I've already shown my contempt for Chopra's ability to think, and he continues his irrational diatribe in Part V of his debunking of Richard Dawkins' The God Delusion. I'm sure he thinks he's being clever, but the strawmen keep coming. In this installment, he attempts to attack what he believes is part of Dawkins' position:
Consciousness is a byproduct of matter.
No, consciousness is an evolutionary development. Yes, matter is required, but so is organization. Evolution gives a perfectly good explanation of the development of consciousness.
In his attempt to refute this, he comes up with a thought experiment: "Think of a yellow flower. Can you see it? If so, then the experiment has been successfully completed. When you see a flower in your mind, there is no flower inside your brain. That seems simple enough. But where is that flower? There's no picture of it in your brain, because your brain contains no light. How about the color yellow? Is there a patch of yellow inside your brain? Obviously not."
Now, even Einstein's thought experiment required a great deal of empirical confirmation before acceptance, even for himself. This is something that Chopra is mistaken about: ideas require verification. So, let's look at his thought experiment. You think of a yellow flower. The thought of yellow causes us to access memory associated with the visual cortex, as does the thought of a flower. We can see such things using something called functional magnetic resonance imaging (fMRI). Experiments using fMRI study how the brain does exactly these things. When you think of yellow, certain parts of the brain start working and increase blood flow in these regions, clearing deoxyhemoglobin. This causes an increase in image intensity in those reasons from a resting state. How does Chopra's position explain this? It doesn't. Nor does it explain personality changes due to damage of the frontal cortex, the effects of single gene disorders such as schizophrenia, or a host of other brain disorders. The evidence that to Chopra doesn't even exist just does not bear out his position. Chopra's ideas are intellectually bankrupt.
Another strawman approacheth: "Yet you assume--as do all who fall for the superstition of materialism--that flowers and the color yellow exist 'out there' in the world. In fact, they do not. The entire experience of sight, sound, touch, taste, and smell is created in consciousness. Molecules don't assemble in your head to make the sound of a trumpet blaring in a brass band. The brain is silent. So where does the world of sights and sounds come from?" It seems to me that Chopra's view of materialism is rather glib. Correct me if I'm wrong, but isn't it materialism that tells us from empirical observation exactly how seeing yellow works? Oh, wait. Deepak has the answer: it's some woo-woo mystical unsubstantiated hypothetical crap that doesn't tell us anything at all about HOW we see or hear or think. Good theory, Deepak. Utterly devoid of any substance. Talk about anti-materialistic.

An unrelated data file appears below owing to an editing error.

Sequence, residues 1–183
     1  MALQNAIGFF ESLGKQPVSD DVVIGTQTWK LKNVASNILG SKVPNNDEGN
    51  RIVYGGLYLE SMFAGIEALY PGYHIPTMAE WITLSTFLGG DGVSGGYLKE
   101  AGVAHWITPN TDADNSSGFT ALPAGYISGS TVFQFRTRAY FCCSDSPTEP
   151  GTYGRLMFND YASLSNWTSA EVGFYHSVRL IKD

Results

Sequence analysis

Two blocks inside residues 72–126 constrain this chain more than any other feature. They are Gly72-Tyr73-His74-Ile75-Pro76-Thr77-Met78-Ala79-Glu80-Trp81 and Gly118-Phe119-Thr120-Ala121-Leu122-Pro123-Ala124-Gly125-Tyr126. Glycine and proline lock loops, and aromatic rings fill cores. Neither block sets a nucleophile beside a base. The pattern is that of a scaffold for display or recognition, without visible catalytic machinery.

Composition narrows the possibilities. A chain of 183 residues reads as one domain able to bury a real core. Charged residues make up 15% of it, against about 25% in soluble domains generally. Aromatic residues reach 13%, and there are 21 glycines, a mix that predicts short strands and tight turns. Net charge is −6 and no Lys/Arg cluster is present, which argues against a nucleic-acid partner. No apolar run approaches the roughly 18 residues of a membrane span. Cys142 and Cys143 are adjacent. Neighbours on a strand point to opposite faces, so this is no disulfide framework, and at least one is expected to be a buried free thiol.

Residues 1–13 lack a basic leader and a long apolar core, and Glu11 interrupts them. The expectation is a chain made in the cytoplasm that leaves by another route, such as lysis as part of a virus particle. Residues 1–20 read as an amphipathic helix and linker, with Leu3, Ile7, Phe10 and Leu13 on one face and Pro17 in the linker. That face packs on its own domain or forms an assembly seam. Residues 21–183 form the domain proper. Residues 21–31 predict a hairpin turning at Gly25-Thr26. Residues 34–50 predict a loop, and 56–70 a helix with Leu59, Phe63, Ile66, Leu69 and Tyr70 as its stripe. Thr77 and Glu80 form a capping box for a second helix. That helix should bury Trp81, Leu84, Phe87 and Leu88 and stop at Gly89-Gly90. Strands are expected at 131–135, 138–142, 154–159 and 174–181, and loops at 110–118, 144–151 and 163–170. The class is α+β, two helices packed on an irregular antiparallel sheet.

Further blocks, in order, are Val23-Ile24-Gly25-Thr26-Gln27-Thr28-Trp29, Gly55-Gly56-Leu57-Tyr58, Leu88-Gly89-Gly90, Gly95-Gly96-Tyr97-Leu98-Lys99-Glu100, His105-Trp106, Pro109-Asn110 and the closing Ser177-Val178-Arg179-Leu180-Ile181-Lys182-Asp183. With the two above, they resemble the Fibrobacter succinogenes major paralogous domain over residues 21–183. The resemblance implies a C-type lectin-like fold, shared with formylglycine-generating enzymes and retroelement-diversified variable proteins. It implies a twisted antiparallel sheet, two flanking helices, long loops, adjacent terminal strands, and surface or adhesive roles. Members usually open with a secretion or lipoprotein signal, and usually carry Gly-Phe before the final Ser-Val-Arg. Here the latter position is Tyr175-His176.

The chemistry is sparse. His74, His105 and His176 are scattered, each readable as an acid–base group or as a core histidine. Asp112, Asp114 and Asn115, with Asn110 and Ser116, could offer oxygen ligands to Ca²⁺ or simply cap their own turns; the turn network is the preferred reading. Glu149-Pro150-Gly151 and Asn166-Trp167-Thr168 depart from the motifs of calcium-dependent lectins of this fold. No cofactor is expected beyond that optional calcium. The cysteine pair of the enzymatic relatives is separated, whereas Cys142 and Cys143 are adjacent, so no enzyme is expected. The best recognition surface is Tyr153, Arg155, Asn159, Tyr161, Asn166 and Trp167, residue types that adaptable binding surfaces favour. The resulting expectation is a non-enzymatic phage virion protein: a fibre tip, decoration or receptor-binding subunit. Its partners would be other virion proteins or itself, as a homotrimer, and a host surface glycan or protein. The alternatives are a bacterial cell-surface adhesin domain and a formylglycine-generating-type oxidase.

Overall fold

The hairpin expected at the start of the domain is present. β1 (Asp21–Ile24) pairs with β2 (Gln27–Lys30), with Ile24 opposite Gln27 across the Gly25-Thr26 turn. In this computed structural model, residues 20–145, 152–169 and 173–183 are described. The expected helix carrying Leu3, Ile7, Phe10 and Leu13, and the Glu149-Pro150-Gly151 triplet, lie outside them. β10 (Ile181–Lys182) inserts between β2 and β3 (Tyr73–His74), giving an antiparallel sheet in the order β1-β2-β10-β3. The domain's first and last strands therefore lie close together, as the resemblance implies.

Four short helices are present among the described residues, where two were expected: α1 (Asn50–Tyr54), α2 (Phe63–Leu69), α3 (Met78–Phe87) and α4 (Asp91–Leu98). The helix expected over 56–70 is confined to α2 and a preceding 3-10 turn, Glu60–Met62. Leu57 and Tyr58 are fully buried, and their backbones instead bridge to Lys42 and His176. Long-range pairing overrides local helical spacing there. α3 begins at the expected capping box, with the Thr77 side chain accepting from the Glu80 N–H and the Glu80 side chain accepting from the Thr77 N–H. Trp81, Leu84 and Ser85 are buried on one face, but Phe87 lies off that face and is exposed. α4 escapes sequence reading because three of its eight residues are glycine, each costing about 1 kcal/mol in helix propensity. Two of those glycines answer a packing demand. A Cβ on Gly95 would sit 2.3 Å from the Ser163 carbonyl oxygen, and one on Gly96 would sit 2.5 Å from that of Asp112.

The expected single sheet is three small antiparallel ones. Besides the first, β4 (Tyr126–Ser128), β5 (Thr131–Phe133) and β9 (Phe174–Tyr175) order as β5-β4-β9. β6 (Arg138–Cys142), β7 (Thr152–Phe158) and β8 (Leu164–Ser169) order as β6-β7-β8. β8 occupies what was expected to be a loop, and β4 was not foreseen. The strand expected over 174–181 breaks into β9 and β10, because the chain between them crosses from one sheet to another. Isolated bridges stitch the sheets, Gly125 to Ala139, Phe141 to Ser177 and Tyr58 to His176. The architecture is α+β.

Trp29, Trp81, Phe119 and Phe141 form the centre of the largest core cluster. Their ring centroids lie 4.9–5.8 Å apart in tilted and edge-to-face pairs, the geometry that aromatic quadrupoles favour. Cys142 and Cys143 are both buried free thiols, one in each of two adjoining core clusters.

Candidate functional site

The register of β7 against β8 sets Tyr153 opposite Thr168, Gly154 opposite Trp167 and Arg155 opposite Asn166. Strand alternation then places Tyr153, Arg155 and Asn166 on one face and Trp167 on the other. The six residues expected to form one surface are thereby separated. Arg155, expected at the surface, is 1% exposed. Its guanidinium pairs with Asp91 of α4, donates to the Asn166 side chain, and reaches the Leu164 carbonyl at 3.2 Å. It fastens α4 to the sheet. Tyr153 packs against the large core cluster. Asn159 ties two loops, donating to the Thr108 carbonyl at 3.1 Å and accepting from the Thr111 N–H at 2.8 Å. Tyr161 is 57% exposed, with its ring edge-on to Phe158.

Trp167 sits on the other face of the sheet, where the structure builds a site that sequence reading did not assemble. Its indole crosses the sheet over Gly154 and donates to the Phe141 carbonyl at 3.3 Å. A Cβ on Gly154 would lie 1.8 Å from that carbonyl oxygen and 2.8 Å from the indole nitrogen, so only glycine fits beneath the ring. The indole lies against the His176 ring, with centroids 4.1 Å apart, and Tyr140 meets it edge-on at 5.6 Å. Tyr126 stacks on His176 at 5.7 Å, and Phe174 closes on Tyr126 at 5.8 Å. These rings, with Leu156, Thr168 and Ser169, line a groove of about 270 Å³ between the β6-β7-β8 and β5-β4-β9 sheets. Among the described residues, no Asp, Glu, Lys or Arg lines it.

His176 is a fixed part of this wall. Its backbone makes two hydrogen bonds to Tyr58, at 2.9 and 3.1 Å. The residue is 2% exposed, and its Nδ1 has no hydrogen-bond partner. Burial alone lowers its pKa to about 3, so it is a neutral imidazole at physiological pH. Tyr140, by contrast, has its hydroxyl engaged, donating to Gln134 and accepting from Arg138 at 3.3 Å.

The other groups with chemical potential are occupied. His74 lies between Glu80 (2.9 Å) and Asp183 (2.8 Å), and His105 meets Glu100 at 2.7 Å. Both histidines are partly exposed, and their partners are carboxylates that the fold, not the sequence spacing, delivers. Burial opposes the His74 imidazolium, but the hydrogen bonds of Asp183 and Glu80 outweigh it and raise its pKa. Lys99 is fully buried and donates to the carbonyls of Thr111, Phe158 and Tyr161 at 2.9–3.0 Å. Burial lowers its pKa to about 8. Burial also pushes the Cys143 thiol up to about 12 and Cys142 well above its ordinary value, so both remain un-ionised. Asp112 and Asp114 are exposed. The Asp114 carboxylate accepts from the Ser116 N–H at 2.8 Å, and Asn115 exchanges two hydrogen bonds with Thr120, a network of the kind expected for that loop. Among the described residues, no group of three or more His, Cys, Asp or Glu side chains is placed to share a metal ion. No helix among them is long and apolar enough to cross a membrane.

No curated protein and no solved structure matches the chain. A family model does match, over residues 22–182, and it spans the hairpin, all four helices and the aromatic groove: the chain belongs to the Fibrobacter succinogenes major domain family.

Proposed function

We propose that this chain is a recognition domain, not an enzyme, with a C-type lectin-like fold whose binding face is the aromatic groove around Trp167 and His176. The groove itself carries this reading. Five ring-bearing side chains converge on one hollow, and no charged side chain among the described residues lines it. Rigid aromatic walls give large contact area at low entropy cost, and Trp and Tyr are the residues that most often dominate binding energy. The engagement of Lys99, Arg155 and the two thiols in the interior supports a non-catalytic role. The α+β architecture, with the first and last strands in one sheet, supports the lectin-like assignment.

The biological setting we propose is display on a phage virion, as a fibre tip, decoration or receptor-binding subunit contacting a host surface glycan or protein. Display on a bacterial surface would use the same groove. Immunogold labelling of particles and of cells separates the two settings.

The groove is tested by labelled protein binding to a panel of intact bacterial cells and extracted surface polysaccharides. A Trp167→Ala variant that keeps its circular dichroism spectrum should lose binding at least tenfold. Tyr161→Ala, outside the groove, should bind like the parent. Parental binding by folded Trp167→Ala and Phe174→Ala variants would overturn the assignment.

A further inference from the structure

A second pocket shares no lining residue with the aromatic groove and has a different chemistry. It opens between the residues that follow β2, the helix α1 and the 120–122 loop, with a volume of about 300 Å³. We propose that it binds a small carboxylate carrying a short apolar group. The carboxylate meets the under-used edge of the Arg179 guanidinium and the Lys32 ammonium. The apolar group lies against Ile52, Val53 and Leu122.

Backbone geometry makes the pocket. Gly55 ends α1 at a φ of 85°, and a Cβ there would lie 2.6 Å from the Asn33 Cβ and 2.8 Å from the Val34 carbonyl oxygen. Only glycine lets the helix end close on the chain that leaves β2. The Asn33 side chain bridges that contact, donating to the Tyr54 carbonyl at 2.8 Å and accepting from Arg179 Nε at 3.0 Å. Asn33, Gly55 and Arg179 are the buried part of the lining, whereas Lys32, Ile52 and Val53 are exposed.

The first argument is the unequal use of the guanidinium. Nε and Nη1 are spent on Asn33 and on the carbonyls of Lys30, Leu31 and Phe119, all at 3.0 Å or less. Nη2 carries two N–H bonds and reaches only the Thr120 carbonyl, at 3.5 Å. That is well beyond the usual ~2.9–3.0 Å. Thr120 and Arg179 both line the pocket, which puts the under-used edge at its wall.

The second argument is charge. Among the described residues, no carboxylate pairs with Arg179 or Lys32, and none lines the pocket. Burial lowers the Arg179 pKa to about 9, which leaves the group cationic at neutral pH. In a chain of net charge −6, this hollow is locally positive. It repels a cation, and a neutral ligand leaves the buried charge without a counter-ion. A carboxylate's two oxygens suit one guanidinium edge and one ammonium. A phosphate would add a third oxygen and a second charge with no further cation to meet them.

According to Chopra, "Materialists cannot offer any reasonable explanation. The fact is that an enormous gap exists between any physical, measurable event and our perception. If I talk to you, all I am doing is vibrating air with my vocal cords. Every aspect of that event can be seen and measured. But turning those vibrating air molecules into meaningful words has never been seen or measured. It can't be." As before, he posits a God of the Gaps. Again, we can see the effects of the brain converting these vibrations into something meaningful, as much as one can understand Chopra's inanity. fMRI and PET can do exactly what he says "can't be". At least we can model consciousness, then experiment to verify and update our model. What Chopra offers is vacuous. And this is just a beginning in our understanding the mind. As PZ Meyers has observed, the next attack on theism will come from neuroscience.